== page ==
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Further evidence of diffusion tensor imaging contribution in the characterisation of retrograde and anterograde degeneration after stroke
The advent of diffusion tensor imaging (DTI)–MRI allows direct in vivo visualisation of white matter fibre tracts, opening a window on the important issue of functional connectivity in normal human brain. Furthermore, it provides a tool for measurement of fibre tract integrity in diseases of the central nervous system. Thus it is becoming possible to assess in a single patient whether specific fibre tracts will escape damage and also to relate these changes to clinical outcome. In particular, the application of DTI to the study of retrograde/anterograde degeneration of white matter pathways secondary to focal ischaemia may provide new insights into the mechanisms implicated in loss as well as recovery of function after stroke.
In this issue, two articles have applied DTI to investigate the time course and clinical correlates of secondary degeneration after subcortical stroke involving the motor pathway in patients who were prospectively studied over 3 months (within 1 week, 4 weeks and 12 weeks after stroke). To date, few data were available on this interesting issue.
Liang and colleagues,1 using a region of interest approach, quantified and monitored the fractional anisotropy (FA) and mean diffusivity (MD) changes along the corticospinal tract in 12 patients with subcortical stroke involving the posterior limb of the internal capsule (see p 581). They found a progressive significant decrease in FA from week 1 to week 12, not associated with significant changes in MD, in regions located either below or above the site of the infarct, a pattern consistent with progressive fibre tract loss, presumably reflecting wallerian and retrograde degeneration following stroke.
Møller and colleagues2 propose an original methodological approach that combines a three dimensional fibretracking technique with FA maps to segment the corticospinal tract and to quantify the dynamic changes in FA in the entire corticospinal tract volume (see p 587). This method appears particularly interesting for the accurate quantification of FA changes in longitudinal studies. As the fibretracking technique is not accurate in regions with crossing fibre boundless (eg, the centrum semiovale and corona radiata), only the distal portion of the pyramidal tract remote from the primary infarct has been considered for quantitative FA analysis. The results obtained in five patients suggest that the method is feasible and also showed a progressive decrease in FA in the pyramidal tract ipsilateral to the infarct, although changes between 1 and 3 months in this small number of patients did not appear to be as sharp.
The results of these studies confirm, in a larger series of patients, that the time course of wallerian degeneration of the distal pyramidal tract may be mapped with DTI after subcortical stroke involving the internal capsule and/or corona radiata, a finding previously reported in two patients.3 Furthermore, the findings suggest that retrograde degeneration of the proximal portion of the pyramidal tract may also occur, a finding less addressed in vivo with DTI but previously reported in experimental studies, and seems to have a time course similar to that of wallerian degeneration. In this respect it is interesting to note that although the FA of the proximal pyramidal tract was not quantified by Møller and colleagues,2 a reduction in fibre tracts above the infarct was clearly evident on FA and fibretracking images in one of their patients. These findings are also consistent with previous DTI evidence of retrograde degeneration observed in the thalamus ipsilateral to middle cerebral artery infarcts4 although the absence of isolated fibre bundles in this structure was translated by an increase in MD without FA changes.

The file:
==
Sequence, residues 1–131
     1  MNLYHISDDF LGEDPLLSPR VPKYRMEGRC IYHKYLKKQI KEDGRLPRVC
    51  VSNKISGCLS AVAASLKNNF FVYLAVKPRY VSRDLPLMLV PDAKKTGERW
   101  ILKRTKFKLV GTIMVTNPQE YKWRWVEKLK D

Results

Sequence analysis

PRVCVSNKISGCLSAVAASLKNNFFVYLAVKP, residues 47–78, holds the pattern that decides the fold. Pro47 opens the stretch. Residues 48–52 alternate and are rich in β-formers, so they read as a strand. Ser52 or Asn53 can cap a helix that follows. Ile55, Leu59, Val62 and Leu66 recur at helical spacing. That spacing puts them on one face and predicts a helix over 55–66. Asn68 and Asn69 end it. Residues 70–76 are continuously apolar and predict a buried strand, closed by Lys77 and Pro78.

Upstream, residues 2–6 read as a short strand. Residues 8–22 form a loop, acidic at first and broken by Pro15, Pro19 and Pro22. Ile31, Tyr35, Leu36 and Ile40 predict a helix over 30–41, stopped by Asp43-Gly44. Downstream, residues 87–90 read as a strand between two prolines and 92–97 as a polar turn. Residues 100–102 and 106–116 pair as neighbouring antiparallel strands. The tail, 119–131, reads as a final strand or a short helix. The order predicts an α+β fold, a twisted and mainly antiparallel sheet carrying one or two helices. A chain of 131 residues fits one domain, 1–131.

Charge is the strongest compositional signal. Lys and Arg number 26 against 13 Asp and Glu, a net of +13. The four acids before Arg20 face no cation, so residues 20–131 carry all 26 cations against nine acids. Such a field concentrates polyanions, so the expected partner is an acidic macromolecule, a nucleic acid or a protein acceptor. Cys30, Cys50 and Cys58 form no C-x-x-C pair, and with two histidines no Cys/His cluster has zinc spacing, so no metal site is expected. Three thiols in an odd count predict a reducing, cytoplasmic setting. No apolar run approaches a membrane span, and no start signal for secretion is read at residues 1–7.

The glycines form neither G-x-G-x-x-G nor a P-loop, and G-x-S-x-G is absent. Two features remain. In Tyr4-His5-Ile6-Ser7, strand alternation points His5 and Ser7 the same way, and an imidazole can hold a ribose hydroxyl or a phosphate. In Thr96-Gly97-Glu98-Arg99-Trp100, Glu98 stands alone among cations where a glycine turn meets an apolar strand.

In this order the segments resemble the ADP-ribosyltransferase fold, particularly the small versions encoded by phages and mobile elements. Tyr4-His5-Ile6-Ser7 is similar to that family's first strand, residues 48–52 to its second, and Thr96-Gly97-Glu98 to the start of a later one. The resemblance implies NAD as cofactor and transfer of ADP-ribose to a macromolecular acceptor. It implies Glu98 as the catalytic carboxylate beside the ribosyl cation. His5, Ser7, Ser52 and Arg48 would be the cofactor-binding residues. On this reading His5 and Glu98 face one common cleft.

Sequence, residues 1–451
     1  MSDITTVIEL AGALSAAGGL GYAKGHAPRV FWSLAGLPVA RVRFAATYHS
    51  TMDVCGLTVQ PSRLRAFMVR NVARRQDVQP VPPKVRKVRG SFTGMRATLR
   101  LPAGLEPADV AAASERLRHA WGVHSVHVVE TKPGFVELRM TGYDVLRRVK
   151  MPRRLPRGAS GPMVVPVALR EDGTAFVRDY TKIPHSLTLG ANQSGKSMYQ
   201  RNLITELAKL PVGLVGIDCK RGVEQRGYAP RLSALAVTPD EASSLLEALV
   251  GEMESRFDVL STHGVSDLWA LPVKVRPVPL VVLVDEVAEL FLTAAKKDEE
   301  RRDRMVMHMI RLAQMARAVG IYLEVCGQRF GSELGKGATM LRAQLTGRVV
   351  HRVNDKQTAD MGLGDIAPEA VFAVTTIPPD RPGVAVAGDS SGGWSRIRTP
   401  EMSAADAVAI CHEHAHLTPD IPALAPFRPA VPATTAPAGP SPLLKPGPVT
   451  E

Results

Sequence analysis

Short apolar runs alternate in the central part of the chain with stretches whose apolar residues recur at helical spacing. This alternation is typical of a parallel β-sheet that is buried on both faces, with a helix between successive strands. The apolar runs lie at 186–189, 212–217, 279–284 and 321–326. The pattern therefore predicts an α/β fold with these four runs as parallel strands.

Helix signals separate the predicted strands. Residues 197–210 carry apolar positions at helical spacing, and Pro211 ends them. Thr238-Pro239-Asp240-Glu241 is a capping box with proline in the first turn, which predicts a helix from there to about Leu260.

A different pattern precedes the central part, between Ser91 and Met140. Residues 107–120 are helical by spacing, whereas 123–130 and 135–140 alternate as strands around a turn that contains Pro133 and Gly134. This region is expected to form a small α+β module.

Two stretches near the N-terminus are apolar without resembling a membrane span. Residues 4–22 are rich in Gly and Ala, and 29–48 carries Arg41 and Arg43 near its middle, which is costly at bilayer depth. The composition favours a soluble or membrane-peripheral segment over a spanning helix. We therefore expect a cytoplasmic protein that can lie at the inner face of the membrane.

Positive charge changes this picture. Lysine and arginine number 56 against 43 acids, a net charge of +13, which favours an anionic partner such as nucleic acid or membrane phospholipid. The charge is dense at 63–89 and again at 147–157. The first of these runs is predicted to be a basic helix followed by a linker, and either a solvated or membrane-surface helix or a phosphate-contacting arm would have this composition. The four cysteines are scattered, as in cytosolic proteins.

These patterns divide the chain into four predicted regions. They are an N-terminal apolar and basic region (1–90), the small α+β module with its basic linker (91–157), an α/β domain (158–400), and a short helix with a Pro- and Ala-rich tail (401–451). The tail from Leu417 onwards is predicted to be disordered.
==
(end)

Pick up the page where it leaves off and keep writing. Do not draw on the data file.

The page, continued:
Another major finding is the effort involved in the development of methods that may bring very powerful and sophisticated tools based on fibretracking into clinical practice. Despite some limitations, this type of study appears to be feasible, as shown by Møller and colleagues,2 opening a window to future mapping of cortico‐subcortical connections and study of the functional connectivity after stroke. The ultimate goal of these studies was to assess whether the degree of ongoing secondary degeneration of the corticospinal tract, as quantified with DTI, could predict clinical outcome. The clinical relevance of DTI changes in corticospinal fibres remote from the primary lesion, however, is not evident. Although some association between progressive loss of FA and poor motor outcome is suggested by the results of Møller and colleagues,2 a finding previously reported in patients studied in the early stage of capsular stroke,5 a progressive reduction in FA is also associated with progressive clinical recovery, as shown by Liang and colleagues.1 These discrepancies may be explained in part by differences in the site of lesions, tests used for quantification of motor function and adaptive cortical plastic changes over time.
Clearly this issue warrants further study in a larger cohort of patients. In this respect, a major contribution may come from combined DTI–functional MRI studies. Overall, these studies demonstrate how the DTI technique might be a potential sensitive tool to characterise the time course and clinical correlates of secondary degeneration after stroke and also to monitor the effects of potential therapeutic strategies. In conjunction with positron emission tomography radiotracers of microglial activation,6 DTI may also provide a way to understand the role of neuroinflammation on axonal degeneration in regions remote from the primary infarct.